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What Is a Lumbar Puncture? A Guided Tour of a Commonly Misunderstood Procedure

Michael Dreis, MDKatie E. Golden, MD
Written by Michael Dreis, MD | Reviewed by Katie E. Golden, MD
Published on November 9, 2021

Key takeaways:

  • A lumbar puncture is a procedure in which a needle is inserted into the lower back to collect a sample of cerebrospinal fluid (CSF). 

  • By testing CSF, which protects the spinal cord and brain, lumbar punctures can help diagnose medical conditions like infection, inflammation, or bleeding in the brain. 

  • Even though this procedure can sound scary, it’s relatively safe and easily tolerated.

Elderly male patient having his doctor check out his lower back in an exam room.
miodrag ignjatovic/E+ via Getty Images

A lumbar puncture (LP), sometimes referred to as a spinal tap, is a common procedure that is used to both diagnose and treat certain medical conditions. During the procedure, a small needle is inserted at the base of the spine to collect a sample of cerebrospinal fluid (CSF). This is a clear fluid that surrounds and protects the brain and spinal cord. 

Here are some details about why lumbar punctures are helpful, how the procedure is performed, and what you can expect if you need to have one.

Why do I need a lumbar puncture? 

A lumbar puncture is most commonly used to test for certain neurological conditions. It is sometimes part of an evaluation for symptoms like headache, confusion, numbness, or weakness in the arms and legs. Some of the conditions that it can test for are:

  • Infections: such as encephalitis (an infection in the brain) or meningitis (an infection of the tissue layer that lines the brain)

  • Bleeding in the brain: like the kind that comes from a broken blood vessel or aneurysm

  • Increased pressure in the brain: that results from conditions like idiopathic intracranial hypertension (formerly called pseudotumor cerebri)

  • Inflammation in the nervous system: such as multiple sclerosis or Guillain-Barré syndrome

  • Cancers: that involve the brain and spine

LPs can also treat medical conditions, like idiopathic intracranial hypertension. This condition is characterized by increased pressure in the brain that leads to severe headaches. Draining the CSF through an LP can reduce that pressure, and thus alleviate the headaches. LPs can also be used to deliver medicine, such as chemotherapy medicines for lymphoma or leukemia.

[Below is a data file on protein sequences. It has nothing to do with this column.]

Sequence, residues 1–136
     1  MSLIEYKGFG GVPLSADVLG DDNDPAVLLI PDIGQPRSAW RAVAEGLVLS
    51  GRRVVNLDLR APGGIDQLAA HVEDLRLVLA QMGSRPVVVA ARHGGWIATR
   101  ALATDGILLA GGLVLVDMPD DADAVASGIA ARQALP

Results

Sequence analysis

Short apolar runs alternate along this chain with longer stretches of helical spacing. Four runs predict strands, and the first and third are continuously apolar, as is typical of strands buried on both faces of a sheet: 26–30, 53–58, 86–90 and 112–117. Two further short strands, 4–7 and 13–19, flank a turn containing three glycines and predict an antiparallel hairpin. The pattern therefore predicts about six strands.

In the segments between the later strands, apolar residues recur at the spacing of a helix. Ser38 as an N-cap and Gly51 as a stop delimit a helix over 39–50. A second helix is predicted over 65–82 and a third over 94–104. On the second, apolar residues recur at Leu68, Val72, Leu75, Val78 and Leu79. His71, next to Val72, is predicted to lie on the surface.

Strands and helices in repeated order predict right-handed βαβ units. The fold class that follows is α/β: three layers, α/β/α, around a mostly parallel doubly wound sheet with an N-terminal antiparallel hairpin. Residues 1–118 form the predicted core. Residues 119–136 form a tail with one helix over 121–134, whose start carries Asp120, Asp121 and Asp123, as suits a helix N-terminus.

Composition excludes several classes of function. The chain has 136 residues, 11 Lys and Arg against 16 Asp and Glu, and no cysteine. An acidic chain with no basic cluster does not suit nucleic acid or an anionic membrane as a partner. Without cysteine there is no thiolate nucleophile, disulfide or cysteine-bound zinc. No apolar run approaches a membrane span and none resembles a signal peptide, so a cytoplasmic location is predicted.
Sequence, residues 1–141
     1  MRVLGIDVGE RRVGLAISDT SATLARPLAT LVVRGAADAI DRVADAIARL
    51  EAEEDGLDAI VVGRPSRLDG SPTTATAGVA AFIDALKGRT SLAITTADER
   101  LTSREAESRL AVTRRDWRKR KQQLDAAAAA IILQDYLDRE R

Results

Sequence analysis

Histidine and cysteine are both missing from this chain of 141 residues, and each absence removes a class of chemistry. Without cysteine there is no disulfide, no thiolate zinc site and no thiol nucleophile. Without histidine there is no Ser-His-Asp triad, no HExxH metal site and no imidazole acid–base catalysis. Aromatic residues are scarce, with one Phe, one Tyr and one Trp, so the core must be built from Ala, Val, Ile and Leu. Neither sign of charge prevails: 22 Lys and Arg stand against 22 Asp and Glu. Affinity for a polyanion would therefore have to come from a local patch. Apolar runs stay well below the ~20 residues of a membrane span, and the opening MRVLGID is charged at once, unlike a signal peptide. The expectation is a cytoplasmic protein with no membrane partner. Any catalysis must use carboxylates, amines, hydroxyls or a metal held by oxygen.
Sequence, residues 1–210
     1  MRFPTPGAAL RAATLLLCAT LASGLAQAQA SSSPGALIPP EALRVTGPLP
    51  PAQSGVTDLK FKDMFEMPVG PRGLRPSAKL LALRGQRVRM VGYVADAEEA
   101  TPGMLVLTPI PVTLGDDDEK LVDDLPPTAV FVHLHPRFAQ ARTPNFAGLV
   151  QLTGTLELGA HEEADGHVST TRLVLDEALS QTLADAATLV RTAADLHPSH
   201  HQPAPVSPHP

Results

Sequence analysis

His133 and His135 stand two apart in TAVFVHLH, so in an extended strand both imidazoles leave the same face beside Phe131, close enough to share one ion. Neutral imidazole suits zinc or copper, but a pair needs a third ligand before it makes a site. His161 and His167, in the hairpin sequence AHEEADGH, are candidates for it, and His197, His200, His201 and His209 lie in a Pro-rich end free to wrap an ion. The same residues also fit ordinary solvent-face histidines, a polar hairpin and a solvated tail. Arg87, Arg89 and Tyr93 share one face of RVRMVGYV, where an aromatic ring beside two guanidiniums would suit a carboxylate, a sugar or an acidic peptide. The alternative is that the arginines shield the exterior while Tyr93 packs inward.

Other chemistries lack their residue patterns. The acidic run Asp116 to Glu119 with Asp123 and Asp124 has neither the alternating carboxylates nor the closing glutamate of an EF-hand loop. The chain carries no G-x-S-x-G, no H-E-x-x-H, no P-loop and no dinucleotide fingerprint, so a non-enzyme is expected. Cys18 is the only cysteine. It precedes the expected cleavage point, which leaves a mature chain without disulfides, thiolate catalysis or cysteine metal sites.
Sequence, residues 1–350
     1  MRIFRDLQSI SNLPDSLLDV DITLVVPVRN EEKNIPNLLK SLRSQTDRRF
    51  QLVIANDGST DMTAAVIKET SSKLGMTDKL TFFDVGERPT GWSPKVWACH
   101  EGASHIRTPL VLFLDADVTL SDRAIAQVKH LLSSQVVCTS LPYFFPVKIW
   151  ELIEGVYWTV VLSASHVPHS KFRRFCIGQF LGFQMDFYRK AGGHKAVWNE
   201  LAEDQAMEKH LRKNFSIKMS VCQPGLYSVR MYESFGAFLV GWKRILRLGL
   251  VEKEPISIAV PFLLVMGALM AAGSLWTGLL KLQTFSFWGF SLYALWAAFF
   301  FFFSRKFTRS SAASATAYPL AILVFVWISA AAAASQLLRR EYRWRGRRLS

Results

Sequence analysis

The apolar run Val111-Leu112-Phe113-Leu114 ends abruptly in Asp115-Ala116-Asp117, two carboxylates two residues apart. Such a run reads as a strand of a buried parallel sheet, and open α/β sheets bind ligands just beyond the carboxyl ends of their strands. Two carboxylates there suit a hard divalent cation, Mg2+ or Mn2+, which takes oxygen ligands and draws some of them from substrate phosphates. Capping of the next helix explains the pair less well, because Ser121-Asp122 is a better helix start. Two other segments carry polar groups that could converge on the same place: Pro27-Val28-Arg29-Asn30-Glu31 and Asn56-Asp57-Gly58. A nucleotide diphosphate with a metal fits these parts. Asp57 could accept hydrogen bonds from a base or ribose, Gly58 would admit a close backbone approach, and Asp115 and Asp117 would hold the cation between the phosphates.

What happens during a lumbar puncture?

Given LPs are commonly used to test for conditions in the brain, it may seem strange that the procedure is performed on the lower back. This is because it is the safest and easiest place to collect the CSF. CSF is produced in the brain, but it flows all the way down to the bottom of the spine. And the good news is that the CSF flows beyond the lowest level of the spinal cord, so the fluid can be collected without getting close to the spinal nerves.

The procedure usually takes about 15 minutes or so, but most of that time is spent getting in the right position. A provider performs an LP with you laying on your side (curled up in the fetal position), or sitting on the edge of the bed with your head resting on a bedside table. 

The provider performing the LP will then use their hand to feel around your lower spine to get a sense of the best place to insert the needle. The needle needs to pass between the bones of the spine (vertebrae) in order to get to the right space to collect the fluid, so it can take a little time to scout out the best place to insert the needle. 

Once you’re in the right position, and your provider has a good sense of the anatomy of your spine, the procedure can begin. These are the next steps:

  • Your provider will clean the lower back with an antiseptic liquid.

  • The provider will inject some numbing medicine just under the skin where they plan to insert the needle. This is similar to what they would do if you were getting stitches. This is so you don’t feel the LP needle during the procedure. This numbing injection might sting a little at first, but it will start getting numb quickly. 

  • Once your skin is numb, the provider will insert a very thin needle into the lower back until it gets into the right space where the CSF is located. You won’t feel anything sharp or painful, but you may sense some pressure as the needle is inserted. 

  • Once the needle tip is in the right space, your provider will collect a small amount of the fluid. This part can take 1 to 2 minutes because the needle is very small, and so the fluid flows through the needle slowly.